Hills Limited is taking another huge impairment charge after a review brought on by its falling share price – which is down 67 percent in a year – but has also reported some wins in the first half of its financial year.
The company, which made a $94 million write-down of goodwill and assets in its full-year results last year, has admitted it needs to make a further $66 million non-cash impairment of the accounting carrying values of goodwill, intangible assets, deferred tax assets and freehold property.
This latest write-down drove a half-year loss after tax of $69 million, down from a net profit after tax of $9.2 million in the previous half-year period. In its 2015 full-year results, Hills posted a statutory net loss of $86 million.
This latest impairment comprises a $39.2 million goodwill write-down, $20.3 million derecognition of deferred tax assets and $6.5 million of "other asset impairments".
Hills chief executive Grant Logan said: “Importantly, this non-cash accounting charge has no impact on the economics of the Hills Group business nor does it have any impact on future operating cash flows.
“While the trading EBITDA results of the Hills business show positive signs of improvement, it is disappointing and distracting to have to recognise some further significant non-operating accounting charges in FY16."
Looking on the brightside, Logan said that Hills' $182.1 million of losses could be used to minimise tax to "close to zero" in coming years.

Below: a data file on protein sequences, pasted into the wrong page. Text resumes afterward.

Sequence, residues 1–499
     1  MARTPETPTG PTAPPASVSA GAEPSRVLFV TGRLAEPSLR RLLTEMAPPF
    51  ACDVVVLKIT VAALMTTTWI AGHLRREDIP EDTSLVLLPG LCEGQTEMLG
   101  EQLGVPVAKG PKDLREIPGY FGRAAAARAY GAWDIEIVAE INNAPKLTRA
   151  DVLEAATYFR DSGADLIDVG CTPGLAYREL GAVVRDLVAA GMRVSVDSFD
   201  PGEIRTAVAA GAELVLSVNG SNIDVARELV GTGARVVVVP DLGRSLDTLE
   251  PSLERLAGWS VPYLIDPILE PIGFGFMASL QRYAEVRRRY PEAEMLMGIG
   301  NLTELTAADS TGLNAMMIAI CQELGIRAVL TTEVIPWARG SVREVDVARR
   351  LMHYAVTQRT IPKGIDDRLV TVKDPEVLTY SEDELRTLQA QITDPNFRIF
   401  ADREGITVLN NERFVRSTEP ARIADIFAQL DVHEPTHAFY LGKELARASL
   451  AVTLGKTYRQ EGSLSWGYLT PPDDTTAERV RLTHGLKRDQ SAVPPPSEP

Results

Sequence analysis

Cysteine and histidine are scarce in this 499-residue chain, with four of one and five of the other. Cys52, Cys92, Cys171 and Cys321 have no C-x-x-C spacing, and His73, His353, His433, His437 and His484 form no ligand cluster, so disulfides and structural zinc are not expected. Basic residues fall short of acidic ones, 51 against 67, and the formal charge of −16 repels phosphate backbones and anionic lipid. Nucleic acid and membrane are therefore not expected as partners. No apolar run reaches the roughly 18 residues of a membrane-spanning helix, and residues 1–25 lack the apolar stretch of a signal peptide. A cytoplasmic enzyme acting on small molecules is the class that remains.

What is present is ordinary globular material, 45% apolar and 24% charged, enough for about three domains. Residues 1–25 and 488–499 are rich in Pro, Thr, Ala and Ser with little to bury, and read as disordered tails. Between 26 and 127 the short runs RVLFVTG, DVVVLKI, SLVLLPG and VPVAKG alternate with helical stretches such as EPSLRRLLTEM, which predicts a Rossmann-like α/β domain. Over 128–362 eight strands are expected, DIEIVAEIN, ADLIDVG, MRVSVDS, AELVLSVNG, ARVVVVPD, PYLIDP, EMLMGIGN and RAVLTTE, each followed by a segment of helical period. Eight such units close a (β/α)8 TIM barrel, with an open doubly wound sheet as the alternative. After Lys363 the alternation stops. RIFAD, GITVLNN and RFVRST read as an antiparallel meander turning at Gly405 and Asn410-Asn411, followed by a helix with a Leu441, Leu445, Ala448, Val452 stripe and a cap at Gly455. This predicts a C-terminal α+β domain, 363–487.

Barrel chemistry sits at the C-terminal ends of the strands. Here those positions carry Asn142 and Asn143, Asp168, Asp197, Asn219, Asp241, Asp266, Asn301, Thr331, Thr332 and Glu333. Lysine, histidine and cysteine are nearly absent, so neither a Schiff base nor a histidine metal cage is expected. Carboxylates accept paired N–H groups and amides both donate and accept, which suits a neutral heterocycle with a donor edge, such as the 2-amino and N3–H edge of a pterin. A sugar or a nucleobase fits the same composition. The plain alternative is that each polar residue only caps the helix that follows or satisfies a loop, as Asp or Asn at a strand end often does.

Hills' half-year revenue fell 27.7 percent, or $62.9 million, to $164.1 million for the six months to 31 December 2015. Earnings plummeted 73.5 percent, or $15 million, to $5.4 million. The results were impacted by discontinued businesses and the departure of its largest vendor, Crestron.
The EBITDA result of $5.4 million was "better than expected" at the time of the 2015 annual general meeting.
Hills pointed at new distribution deals as a positive sign for the company. One of the biggest letdowns in Hills' full-year report last August was the news it had lost Crestron when the home automation vendor switched to a direct model. In the latest period, Hills chalked up deals with Dell, Qnap, security and IP surveillance vendors BQT and Vivotek, and video analytics provider Ipsotek.
Another sweetener has been the growth of Hills' services revenues, now at 18 percent of turnover with an ambition to grow this as high as 25 percent. Services include large teams of installers working on "high-volume contracts" for wireless and satellite rollouts for the likes of Foxtel and NBN.
Hills' cashflow has also dropped significantly year-on-year, down from $4 million in the first half of 2015 to a projected $400,000 at 30 June 2016. The company was optimistic that cash had remained in the black, given that cash flow was affected by $7.7 million of payouts for "restructuring" in the first half and $3.2 million in previous period.
The company has restructured into four segments – with its AV, security & IT, and communications divisions falling under Hills Building Technology, adding to the Hills Health Solutions arm.
"The new structure will mean that our customers are immediately dealing with the right sales team to deliver the best solution for them," said Logan.
Hills is now in talks with its bankers to refinance its credit facilities to better suit its structure as a value-added distributor. Its $110 million of unsecured finance will be replaced by a $55 million secured facility. The company expects the new facilities to be in place by April.